'(Also), we have (here) a system that basically is immunologically deficient. (This) can ultimately help human medicine, because there are so many immunodeficiency diseases (such as HIV) and we are not able to cope with them. (It suggests that there's) a lot more flexibility in the adaptive immune system or in the evolution of adaptive immunity than we thought earlier.'
What else have you found so far?
'We did transplant experiments to understand better this self/non-self recognition. We transplanted fins (tissue) of the syngnathids to the belly of (themselves and others) to see if they rejected it or not and what we have found there is that those that have lost parts of their immune system are a lot better-accepting of non-self tissues.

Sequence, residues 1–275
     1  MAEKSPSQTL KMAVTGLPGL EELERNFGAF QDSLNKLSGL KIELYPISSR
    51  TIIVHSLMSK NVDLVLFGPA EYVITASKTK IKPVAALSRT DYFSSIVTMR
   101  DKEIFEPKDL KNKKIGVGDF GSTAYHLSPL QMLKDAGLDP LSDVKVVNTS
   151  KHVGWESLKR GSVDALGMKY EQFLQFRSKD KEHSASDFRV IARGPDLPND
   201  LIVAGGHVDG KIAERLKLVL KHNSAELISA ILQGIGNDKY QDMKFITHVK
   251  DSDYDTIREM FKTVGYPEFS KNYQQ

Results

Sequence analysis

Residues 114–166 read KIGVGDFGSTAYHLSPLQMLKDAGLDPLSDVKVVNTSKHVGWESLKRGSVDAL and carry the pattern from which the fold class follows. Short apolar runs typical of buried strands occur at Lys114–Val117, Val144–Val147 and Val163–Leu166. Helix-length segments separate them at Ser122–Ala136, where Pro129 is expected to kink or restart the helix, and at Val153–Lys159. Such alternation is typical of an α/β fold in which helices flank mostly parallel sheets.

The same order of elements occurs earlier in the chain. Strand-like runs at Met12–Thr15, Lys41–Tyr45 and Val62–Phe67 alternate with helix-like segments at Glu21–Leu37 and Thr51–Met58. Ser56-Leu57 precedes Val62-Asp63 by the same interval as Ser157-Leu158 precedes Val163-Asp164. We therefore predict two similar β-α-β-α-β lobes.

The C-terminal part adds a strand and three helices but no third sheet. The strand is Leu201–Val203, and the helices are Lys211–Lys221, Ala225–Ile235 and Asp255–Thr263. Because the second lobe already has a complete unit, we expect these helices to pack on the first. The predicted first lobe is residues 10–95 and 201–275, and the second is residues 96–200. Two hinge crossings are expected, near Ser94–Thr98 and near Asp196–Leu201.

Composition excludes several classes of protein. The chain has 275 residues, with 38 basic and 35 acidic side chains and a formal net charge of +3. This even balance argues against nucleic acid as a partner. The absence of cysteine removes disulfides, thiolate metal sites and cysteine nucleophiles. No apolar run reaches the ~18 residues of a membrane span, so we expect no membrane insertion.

'We compared (syngnathid pregnancy) genes to the mammalian pregnancy genes, and we actually do find that these are genes from the very same pathways: similar genes have been co-opted in their function towards pregnancy.
'(This) suggests that there are not probably so many options in what things have to be changed in their functions (to allow pregnancy). It doesn't really give us an idea of why (pregnancy) has evolved, but more that convergent evolution can come with a similar mechanistic basic.'
What are you looking at next?
'Now we know which genes might be involved (in the evolution of male pregnancy), but we don't know their function yet. The next step will be to (definitively) identify these.